2014-15 Wheat Production Guide

The 2014-2015 UGA Wheat Production Guides are now available. If you need a hard copy, we will have some sent to the office. You can download the pdf at the link above.

2014-15WheatGuide

There is a lot of economic information found in the guide. Below is information from UGA Extension Economist Dr. Nathan Smith on Georgia production:

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Georgia planted acres dropped by a  third to 300,000 acres and harvested acres dropped 28% to 250,000 acres. Georgia’s average yield is estimated at 55 bushels per acre, falling 5 bushels from last year’s record wheat yield of 60 bushels per acre. Producers had problems harvesting wheat as less than 25% of the crop was harvested by June. As a result quality was also a concern and producers were faced with discounts.

Wheat prices were down over much of the year, and took a turn for the worse when a large 2013 Canadian wheat crop was realized. Monthly SRW wheat prices ranged between $5.90 and $6.92 during June 2013 and May 2014. The 13-14 marketing year started near $7.00 per bushel but dropped below $6.00 during harvest. Cash prices going into planting season for 2015 crop were below $6.00 per bushel, with basis at 65 cents under July futures before improving to 50 cents under. Wheat fundamentals are considered bearish going to 2015 as record global production is projected again. Wheat planting in Georgia will likely fall some again in 2014 due to lower prices and current dry conditions.

 

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Cold And Dry

Most of us don’t know of temperatures this low before Thanksgiving. A lot of people are already covering citrus trees planted in their backyards. Satsuma’s are probably my favorite citrus and have the best cold tolerance – withstanding temperatures as low as 19 and 20 degrees. Citrons, lemons, and limes have the lowest tolerance and can be damaged in the upper 20s. Tangerines and mandarins can withstand the mid-20s.

Pecans 007We’ve also been wondering about crops still harvesting. Here is a picture of some Stuart pecans that are still in the tree. I was asked about some Sumners the other day which were still green and shucks not opening. UGA Pecan Specialist Dr. Lenny Wells says its a misconception that cold will keep shucks from opening. If the nut is mature, it will open and fall. If it’s not opening, it’s something else – maybe pollination issue.

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A dry October has caused is hurting us trying to establish forage on dryland pasture. Here is some Big Boss Ryegrass that was drilled in the middle of October. This pasture received  its first rain last week since it’s been planted. The cold may have been a factor too since some tips have died back. Oats has the least cold tolerance of our cool season forages. Irrigated pastures for grazing are up and tillers developing with less stress for water.

 

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Diesel Prices Lower

Andrew Sawyer:

Here is some information on diesel prices posted on Seminole Ag Agent Rome Ethredge’s blog:

Originally posted on Seminole Crop E News:

It looks like farm diesel is lower in cost than it has been in almost 4 years. That’s a good thing as we use lots of fuel on the farm.  Here is an interesting report by Amanda Smith, UGA Extension Ag Economist, concerning farm diesel prices.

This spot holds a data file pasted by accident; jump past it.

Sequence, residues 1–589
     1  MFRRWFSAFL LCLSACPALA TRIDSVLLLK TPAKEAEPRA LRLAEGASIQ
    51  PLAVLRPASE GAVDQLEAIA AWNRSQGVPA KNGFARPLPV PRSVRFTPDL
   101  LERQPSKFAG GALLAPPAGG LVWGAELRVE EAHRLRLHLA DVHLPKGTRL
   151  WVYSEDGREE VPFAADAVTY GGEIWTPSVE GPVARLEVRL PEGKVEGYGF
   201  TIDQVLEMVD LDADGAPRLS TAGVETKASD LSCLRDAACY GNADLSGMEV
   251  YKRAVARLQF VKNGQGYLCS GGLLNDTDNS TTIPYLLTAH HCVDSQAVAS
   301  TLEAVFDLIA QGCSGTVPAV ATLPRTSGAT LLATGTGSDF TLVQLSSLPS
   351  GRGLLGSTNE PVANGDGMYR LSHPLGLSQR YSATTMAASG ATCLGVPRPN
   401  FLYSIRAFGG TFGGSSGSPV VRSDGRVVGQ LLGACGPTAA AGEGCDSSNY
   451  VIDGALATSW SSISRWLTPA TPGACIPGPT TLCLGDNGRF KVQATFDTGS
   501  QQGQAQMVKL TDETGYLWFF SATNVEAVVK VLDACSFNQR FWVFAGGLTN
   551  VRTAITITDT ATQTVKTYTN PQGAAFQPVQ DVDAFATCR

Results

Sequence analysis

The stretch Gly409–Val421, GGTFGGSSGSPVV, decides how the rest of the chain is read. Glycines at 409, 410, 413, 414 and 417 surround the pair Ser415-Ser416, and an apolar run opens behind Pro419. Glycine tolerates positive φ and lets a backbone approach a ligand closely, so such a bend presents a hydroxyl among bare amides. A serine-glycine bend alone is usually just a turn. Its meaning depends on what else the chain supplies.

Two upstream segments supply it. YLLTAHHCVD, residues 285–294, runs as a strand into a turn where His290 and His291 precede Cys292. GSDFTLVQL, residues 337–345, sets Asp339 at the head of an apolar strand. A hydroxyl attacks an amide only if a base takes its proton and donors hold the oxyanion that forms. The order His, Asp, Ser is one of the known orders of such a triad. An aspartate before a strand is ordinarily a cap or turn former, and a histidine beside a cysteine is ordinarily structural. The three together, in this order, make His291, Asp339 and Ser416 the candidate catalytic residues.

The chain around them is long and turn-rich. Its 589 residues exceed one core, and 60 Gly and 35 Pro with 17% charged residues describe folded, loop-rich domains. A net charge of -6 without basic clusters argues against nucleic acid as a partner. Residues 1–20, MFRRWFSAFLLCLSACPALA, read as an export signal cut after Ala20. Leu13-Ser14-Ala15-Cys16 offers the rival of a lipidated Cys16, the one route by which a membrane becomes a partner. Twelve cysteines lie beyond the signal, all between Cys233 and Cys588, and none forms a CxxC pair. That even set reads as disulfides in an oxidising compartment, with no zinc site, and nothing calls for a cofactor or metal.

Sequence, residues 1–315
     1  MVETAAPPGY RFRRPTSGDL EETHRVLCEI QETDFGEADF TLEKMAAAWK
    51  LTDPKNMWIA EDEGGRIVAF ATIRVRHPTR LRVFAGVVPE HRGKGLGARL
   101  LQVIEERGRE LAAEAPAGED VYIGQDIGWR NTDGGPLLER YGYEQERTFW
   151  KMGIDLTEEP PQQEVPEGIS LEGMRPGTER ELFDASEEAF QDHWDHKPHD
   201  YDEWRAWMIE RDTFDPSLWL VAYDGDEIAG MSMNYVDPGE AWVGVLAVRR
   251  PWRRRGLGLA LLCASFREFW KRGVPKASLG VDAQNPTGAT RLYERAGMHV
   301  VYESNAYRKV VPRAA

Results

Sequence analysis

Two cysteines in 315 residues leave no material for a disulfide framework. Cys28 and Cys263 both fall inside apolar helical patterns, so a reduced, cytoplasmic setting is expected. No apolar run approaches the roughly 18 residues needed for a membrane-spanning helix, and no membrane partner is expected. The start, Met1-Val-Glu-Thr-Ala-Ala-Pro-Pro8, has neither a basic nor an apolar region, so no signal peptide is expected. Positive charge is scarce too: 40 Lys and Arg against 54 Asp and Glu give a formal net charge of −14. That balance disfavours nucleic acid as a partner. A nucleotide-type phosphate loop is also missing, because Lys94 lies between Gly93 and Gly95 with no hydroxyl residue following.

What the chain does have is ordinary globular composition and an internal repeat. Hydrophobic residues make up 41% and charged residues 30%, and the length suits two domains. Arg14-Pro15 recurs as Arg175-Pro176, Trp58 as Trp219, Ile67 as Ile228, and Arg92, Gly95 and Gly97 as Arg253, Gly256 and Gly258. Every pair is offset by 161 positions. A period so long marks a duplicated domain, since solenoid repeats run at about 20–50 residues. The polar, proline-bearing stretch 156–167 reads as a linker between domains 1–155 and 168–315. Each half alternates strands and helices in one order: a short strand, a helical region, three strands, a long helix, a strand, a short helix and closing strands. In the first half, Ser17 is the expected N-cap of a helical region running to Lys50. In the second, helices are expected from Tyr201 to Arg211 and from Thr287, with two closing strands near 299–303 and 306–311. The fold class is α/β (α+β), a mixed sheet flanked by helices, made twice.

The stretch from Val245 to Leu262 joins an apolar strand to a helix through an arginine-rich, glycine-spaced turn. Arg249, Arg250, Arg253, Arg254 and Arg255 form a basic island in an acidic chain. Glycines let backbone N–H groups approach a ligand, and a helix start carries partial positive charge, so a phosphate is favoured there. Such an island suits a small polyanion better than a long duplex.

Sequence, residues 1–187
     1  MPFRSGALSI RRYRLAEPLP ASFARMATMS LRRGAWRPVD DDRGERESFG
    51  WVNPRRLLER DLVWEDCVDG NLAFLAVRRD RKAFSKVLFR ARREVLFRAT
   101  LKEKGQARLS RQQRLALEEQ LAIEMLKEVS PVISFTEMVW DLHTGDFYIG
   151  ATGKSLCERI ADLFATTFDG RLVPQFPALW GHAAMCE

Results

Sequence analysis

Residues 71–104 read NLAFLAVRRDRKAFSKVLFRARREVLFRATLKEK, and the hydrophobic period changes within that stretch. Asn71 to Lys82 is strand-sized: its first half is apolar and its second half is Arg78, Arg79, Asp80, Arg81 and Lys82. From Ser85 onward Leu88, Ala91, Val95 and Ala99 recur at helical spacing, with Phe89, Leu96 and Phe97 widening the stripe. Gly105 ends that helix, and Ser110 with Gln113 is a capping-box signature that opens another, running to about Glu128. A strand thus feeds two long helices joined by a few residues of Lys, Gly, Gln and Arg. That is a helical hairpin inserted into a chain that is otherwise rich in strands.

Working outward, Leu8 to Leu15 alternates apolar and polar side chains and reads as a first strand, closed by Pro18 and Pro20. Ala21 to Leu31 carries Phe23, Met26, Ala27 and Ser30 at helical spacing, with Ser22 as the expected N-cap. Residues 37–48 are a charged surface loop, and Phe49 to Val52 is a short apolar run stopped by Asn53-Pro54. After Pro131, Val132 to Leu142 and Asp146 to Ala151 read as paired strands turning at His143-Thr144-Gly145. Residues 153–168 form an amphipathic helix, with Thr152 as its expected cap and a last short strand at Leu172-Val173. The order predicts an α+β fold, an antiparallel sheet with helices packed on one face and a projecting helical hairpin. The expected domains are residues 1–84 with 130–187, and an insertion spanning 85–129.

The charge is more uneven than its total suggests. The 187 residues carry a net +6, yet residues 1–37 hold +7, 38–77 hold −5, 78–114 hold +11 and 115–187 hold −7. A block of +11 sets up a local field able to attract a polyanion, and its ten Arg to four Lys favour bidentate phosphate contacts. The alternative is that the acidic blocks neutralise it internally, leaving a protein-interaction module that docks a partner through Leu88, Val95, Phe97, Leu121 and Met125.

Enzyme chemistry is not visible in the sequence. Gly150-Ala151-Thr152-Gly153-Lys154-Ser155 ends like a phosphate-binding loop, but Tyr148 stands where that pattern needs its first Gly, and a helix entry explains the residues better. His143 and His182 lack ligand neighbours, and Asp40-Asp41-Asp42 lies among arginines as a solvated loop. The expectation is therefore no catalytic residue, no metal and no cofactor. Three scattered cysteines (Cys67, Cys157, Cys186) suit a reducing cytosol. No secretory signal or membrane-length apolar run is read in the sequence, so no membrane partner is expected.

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These are the monthly farm diesel prices for the Southern Atlantic states from 2011-2014.  Compared to the previous four years, diesel prices have been more stable. Prices have ranged from a low of $3.13 to a high of $3.86 per gallon.  There appears to be some seasonality to diesel prices as you can see price fluctuating up and down throughout each year.

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These are farm diesel prices for the Southern Atlantic states from 2011 through 2014 with average prices for each year listed above the chart. The seasonality of diesel price is more apparent in this slide with higher prices during spring and fall…

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2015 Georgia Ag Forecast

2015 AG ForecastAg Forecast is an annual seminar series presented by the UGA College of Agricultural and Environmental Sciences in partnership with Georgia Farm Bureau and the Georgia Department of Agriculture. We receive a lot of good information on markets and preparing for the next growing season. Below are dates and locations:

  • January 14 (Gainesville) – Brenau Georgia Mountain Center, Registration 9:00 am; Seminar 10-11:30 am
  • January 15 (Cartersville) – Clarence Brown Conference Center, Registration 9:00 am; Seminar 10-11:30 am
  • January 16 (Bainbridge) – Cloud Livestock Facility, Registration 9:00 am; Seminar 10-11:30 am
  • January 21 (Lyons) – Toombs County Agricenter, Registration 9:00 am; Seminar 10-11:30 am
  • January 22 (Tifton) – UGA Tifton Campus Conference Center, Registration 7:00 am, Breakfast 7:30 am, Seminar 8 – 9:00 am
  • January 23 (Macon) – GA Farm Bureau Building, Registration 9:00 am; Seminar 10-11:30 am

You can sign up now for one of the seminars at the Georgia Ag Forecast website.

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2015 Southwest GA Master Cattlemen’s Program

SWGACattlemen-Flyer

This year the 2015 Southwest Georgia Master Cattlemen’s Program will be held in Fitzgerald, GA-Ben Hill County. The program will be weekly from January 20th – March 10th every Tuesday. Programs will be held  at the Ben Hill County Ag Center. Each week will host a different Extension specialist on the UGA Beef Team. Registration is $60 per person and includes a dinner on the final night. Pre-registration is January 8th. Below is the agenda. If you would like attend, e-mail me at agsawyer@uga.edu and I can send a registration form.

SWGACattlemen-Agenda

SWGACattlemen-Reg

 

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Pecan Harvest – Second Shake